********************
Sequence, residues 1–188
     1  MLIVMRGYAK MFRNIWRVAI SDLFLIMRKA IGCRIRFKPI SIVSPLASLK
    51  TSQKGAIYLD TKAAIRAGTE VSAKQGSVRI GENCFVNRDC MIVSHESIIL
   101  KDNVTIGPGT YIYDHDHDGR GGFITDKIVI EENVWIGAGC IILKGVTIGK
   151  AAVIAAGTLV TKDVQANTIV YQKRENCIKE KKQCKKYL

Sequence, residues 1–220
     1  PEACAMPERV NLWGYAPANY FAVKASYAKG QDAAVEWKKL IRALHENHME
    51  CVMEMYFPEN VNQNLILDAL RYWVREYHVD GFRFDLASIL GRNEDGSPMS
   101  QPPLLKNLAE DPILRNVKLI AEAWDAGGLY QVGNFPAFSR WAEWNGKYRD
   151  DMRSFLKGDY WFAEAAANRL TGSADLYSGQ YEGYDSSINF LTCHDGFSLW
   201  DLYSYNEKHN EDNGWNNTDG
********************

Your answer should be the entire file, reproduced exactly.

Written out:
Sequence, residues 1–188
     1  MLIVMRGYAK MFRNIWRVAI SDLFLIMRKA IGCRIRFKPI SIVSPLASLK
    51  TSQKGAIYLD TKAAIRAGTE VSAKQGSVRI GENCFVNRDC MIVSHESIIL
   101  KDNVTIGPGT YIYDHDHDGR GGFITDKIVI EENVWIGAGC IILKGVTIGK
   151  AAVIAAGTLV TKDVQANTIV YQKRENCIKE KKQCKKYL

Sequence, residues 1–220
     1  PEACAMPERV NLWGYAPANY FAVKASYAKG QDAAVEWKKL IRALHENHME
    51  CVMEMYFPEN VNQNLILDAL RYWVREYHVD GFRFDLASIL GRNEDGSPMS
   101  QPPLLKNLAE DPILRNVKLI AEAWDAGGLY QVGNFPAFSR WAEWNGKYRD
   151  DMRSFLKGDY WFAEAAANRL TGSADLYSGQ YEGYDSSINF LTCHDGFSLW
   201  DLYSYNEKHN EDNGWNNTDG